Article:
A new study by the University of East Anglia (UEA) suggests computers are now better at lip-reading than humans.
The peer-reviewed findings will be presented for the first time at the eighth International Conference on Auditory-Visual Speech Processing (AVSP) 2009, held at the University of East Anglia from September 10-13.
A research team from the School of Computing Sciences at UEA compared the performance of a machine-based lip-reading system with that of 19 human lip-readers. They found that the automated system significantly outperformed the human lip-readers — scoring a recognition rate of 80 per cent, compared with only 32 per cent for human viewers on the same task.
Furthermore, they found that machines are able to exploit very simplistic features that represent only the shape of the face, whereas human lip-readers require full video of people speaking.
The study also showed that rather than the traditional approach to lip-reading training, in which viewers are taught to spot key lip-shapes from static (often drawn) images, the dynamics and the full appearance of speech gestures are very important.
Using a new video-based training system, viewers with very limited training significantly improved their ability to lip-read monosyllabic words, which in itself is a very difficult task. It is hoped this research might lead to novel methods of lip-reading training for the deaf and hard of hearing.
“This pilot study is the first time an automated lip-reading system has been benchmarked against human lip-readers and the results are perhaps surprising,” said the study’s lead author Sarah Hilder.
“With just four hours of training it helped them improve their lip-reading skills markedly. We hope this research will represent a real technological advance for the deaf community.”
Agnes Hoctor, campaigns manager at the RNID, said: “This research confirms how difficult the vital skill of lip-reading is to learn and why RNID is campaigning for people who are deaf or hard of hearing to have improved access to classes. We would welcome the development of video-based or online training resources to supplement the teaching of lip-reading. Hearing loss affects 55 per cent of people over 60 so, with the ageing population, demand to learn lip-reading is only going to increase.”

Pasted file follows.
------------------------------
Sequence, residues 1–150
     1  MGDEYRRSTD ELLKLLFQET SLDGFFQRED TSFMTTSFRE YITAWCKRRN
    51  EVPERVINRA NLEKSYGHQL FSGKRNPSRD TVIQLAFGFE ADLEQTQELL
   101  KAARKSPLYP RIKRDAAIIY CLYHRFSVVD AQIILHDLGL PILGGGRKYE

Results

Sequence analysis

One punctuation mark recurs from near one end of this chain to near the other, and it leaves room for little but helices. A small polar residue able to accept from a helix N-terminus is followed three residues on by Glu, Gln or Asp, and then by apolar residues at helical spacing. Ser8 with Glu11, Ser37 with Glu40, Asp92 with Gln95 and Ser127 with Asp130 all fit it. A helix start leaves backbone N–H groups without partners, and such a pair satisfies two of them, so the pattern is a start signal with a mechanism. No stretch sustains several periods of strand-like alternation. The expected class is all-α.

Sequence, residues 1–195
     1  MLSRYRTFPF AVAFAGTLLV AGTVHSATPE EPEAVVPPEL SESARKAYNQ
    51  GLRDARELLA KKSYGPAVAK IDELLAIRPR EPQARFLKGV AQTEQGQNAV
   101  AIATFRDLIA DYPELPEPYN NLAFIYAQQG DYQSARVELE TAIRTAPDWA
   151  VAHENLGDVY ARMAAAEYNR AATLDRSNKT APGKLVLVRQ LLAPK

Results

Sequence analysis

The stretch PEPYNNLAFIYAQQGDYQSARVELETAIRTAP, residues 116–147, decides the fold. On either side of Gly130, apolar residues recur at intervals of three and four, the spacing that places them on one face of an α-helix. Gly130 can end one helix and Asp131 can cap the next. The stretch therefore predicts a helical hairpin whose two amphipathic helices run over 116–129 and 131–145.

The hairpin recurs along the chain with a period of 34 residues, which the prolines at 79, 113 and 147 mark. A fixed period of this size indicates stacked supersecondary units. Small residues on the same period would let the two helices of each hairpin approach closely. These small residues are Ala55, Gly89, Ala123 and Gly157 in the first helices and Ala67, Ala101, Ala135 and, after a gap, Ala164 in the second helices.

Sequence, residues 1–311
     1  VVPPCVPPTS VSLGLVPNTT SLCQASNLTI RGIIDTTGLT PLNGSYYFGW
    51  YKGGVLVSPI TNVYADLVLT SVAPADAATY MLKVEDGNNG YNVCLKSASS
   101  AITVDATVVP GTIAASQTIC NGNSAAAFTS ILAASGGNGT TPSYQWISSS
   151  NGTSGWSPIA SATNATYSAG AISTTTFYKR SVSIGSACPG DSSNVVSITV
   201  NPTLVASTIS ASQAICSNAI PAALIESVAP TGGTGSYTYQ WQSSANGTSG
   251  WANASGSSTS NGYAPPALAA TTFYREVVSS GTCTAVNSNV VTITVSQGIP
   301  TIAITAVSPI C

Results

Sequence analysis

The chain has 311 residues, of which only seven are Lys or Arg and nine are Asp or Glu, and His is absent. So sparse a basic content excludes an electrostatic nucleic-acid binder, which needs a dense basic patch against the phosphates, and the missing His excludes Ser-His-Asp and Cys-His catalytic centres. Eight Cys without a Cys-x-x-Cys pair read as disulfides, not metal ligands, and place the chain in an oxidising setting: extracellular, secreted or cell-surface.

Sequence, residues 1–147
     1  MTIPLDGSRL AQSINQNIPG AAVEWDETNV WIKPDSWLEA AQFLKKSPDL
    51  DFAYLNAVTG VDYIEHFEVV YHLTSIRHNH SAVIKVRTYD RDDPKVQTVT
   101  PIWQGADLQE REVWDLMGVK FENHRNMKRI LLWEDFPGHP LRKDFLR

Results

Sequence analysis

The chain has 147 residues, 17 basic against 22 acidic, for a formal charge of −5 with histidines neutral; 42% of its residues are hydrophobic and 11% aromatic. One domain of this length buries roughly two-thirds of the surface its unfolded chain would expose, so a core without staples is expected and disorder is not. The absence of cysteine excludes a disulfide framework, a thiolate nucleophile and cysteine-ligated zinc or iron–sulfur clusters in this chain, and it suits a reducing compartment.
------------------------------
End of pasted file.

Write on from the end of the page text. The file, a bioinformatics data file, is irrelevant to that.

The AVSP conference is being held in the UK for the first time since its inception in 1998. The University of East Anglia will host cutting edge researchers including psychologists, engineers, scientists and linguists from as far afield as Australia, Canada and Japan.
As part of the conference, delegates will take part in a Visual Speech Synthesis Challenge in which a number of visual speech synthesizers, or ‘talking heads’, will battle it out to determine the most intelligible and visually appealing system.
AVSP runs as a satellite conference to Interspeech 2009 which will be held in Brighton. Topics under discussion will include: machine recognition of audiovisual speech; the role of gestures accompanying speech; modeling, synthesis and recognition of facial gestures; and speech synthesis.
Keynote speakers will be Dr Peter Bull of the University of York who will be exploring The Myth of Body Language and Prof Louis Goldstein of the University of Southern California whose presentation is entitled Articulatory Phonology and Audio-Visual Speech.
Comparison of human and machine-based lip-reading by Sarah Hilder, Richard Harvey and Barry-John Theobald is published in the Proceedings of the International Conference on Auditory-Visual Speech Processing (AVSP) 2009 on Thursday September 10 2009.
The research will be presented on Saturday September 12 at the International Conference on Auditory-Visual Speech Processing (AVSP) 2009 at the University of East Anglia.
For more information about the conference, please visit www.avsp2009.co.uk.
Part of the lip-reading test used to compare the performance of the machine-based lip-reading system and human lip-readers can be downloaded here: http://www.jtuk.com/training/part1.html